by Katherine Willow, ND
Depression is unfortunately a common experience in our culture, so we had quite a few people at the last Open House talk on Nov 7th at Carp Ridge Healing House. We began with introductions and many people there shared current or past struggles with depression, including yours truly.
The keynote to depression that differs from simple sadness is a lack of interest in life which can vary from a reluctance in getting out of bed in the morning, to not getting out of bed at all, to being withdrawn and suicidal. Or it can manifest as various other symptoms such as sleep disorders (waking too early, insomnia, etc) and addictive behaviours.
Naturopathic medicine looks for the causes of a complaint in order to create a focussed treatment plan and so we examined the roots of depression, simplifying them into physical and psychological aspects. Here is a brief summary of some common factors in each:
Physical~ these are often contributing factors, and when they are primary, progress in mood improvement can be fast when treated effectively:
- deficiencies — vitamin D/sunlight, iron, B complex, low nutrients in general
- lack of sleep, exhausted adrenal glands (burnout), low thyroid, low serotonin (treatable)
- not enough time for nurturing self
- no exercise, or not enough exercise
- excesses: toxins in the liver, overwork, congestive foods (especially dairy and wheat), excess of food in general
- unresolved pain/trauma that is being ignored or suppressed, sometimes going back to childhood
- unfulfilling work, relationships, living space, creative outlet, spirituality — without the hope of changing these situations
These two lists are definitely not complete, and sometimes there needs to be an extensive investigation of what is underlying an individual’s depression, including a broad range of lab tests and honest soul-searching in order to become aware of why one has little or no joy in life.
Once there is a clear picture of what is actually going on, it is evident what needs to be done. Physical treatments for depression include revitalizing and/or cleansing diets for sluggish systems; nutrients and glandulars to rebuild a weak body; lifestyle changes to re-stimulate body and mind and specific herbal and homeopathic remedies which rekindle one’s spark.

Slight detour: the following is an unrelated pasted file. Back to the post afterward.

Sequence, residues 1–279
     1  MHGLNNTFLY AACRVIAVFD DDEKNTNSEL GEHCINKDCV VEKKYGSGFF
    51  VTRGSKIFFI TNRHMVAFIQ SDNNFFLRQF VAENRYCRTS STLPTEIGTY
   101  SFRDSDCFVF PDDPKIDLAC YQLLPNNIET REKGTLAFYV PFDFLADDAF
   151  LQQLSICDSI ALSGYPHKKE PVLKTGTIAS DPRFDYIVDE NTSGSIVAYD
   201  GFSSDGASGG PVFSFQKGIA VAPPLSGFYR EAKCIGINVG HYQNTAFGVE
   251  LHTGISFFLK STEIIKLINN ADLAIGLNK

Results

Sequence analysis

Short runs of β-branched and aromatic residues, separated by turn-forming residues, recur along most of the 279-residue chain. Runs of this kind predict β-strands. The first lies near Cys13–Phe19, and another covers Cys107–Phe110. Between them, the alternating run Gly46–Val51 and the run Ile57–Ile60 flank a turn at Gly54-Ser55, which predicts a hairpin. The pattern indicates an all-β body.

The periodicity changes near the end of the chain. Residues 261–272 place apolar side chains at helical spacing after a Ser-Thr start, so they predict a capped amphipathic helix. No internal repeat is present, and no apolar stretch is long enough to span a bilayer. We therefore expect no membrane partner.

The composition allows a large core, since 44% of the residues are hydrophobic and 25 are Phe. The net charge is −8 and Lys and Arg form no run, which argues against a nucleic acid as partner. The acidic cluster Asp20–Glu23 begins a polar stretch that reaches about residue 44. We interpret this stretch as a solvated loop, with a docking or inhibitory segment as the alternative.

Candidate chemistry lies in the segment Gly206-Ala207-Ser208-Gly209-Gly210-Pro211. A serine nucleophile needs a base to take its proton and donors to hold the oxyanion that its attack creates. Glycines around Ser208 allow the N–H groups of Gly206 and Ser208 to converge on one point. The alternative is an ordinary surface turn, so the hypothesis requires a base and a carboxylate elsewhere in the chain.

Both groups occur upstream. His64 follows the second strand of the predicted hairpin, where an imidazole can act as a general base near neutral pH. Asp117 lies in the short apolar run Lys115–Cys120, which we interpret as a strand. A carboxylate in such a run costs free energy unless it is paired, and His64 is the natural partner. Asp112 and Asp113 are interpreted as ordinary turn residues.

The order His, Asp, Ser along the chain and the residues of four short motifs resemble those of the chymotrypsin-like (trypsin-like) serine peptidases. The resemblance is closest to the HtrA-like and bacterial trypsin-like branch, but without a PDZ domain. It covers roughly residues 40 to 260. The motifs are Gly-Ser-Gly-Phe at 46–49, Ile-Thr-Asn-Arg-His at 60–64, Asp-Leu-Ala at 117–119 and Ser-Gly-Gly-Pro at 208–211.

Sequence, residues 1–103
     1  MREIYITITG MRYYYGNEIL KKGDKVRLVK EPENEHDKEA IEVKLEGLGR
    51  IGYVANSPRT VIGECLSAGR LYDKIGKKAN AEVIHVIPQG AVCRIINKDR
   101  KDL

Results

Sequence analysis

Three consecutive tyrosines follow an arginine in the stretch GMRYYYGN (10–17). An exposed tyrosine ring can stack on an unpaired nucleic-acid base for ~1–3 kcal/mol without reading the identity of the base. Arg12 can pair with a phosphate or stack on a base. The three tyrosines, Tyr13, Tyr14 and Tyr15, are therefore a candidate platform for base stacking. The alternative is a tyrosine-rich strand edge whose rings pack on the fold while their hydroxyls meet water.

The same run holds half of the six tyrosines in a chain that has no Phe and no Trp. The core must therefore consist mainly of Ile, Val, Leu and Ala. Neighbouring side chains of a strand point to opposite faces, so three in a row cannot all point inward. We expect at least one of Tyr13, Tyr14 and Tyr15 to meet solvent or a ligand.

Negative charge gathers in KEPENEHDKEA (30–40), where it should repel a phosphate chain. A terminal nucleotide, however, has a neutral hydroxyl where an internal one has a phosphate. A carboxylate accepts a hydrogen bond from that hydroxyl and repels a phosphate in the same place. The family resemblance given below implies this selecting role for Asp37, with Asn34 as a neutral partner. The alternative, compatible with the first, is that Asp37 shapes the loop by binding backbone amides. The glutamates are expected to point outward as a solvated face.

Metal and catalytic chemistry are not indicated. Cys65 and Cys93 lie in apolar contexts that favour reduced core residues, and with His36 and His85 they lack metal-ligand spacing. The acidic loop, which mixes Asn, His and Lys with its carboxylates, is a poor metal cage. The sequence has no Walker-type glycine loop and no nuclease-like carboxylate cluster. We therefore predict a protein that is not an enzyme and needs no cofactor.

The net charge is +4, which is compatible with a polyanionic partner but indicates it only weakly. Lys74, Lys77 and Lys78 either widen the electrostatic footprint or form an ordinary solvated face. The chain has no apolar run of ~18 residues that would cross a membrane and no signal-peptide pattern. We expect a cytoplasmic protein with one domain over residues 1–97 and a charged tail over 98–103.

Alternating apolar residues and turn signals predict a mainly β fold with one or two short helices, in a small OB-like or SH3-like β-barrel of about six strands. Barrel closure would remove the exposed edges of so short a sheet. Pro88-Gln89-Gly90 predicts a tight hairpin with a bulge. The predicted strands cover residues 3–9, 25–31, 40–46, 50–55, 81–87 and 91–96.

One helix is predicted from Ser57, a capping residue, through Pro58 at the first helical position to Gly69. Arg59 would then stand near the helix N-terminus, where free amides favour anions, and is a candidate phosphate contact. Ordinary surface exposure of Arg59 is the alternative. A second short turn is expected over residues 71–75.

When the cause is psychological, we encourage the person to face the underlying issues — if they are able. Old traumas can be acutely painful and sometimes one needs to progress very slowly within a safe context. However, there are new therapies which take the edge off this pain, including Emotional Freedom Technique (EFT), hypnotherapy, Journeywork (one of the favorites in our clinic) and EMDR (a technique that uses eye movements). And of course there are the old standbys such as constitutional homeopathy and the well-studied herb St. John’s Wort.
In rare cases we will suggest a person take medical antidepressants in order to be able to function well enough to even begin a natural program and then wean off as they don’t need them. All of these tools (including the physical ones) allow a person to deal more easily with what has been making them depressed so that they can move on with their life.
This is easy to write or suggest to a patient. But the reality is that sometimes solving depression takes a long time, even decades if it has been in the family for generations — although we have seen minor miracles in even these situations when the person is ready to heal (which is both an attitude and a grace).
In chronic cases, ongoing loving and nonjudgemental support is not only crucial, it can be lifesaving. During the talk we spoke of all the varieties of support that are available in our area, including hospitals, recovery organizations and spiritual groups/churches, where a person learns that they are accepted just as they are.
Treating depression is well within our training as naturopathic doctors and we welcome people with this debilitating condition to come in for an individual assessment and treatment program. For myself, this has to be one of the most satisfying things in my practice, to watch a person come back to life after suffering with depression. Believe me, I know the feeling!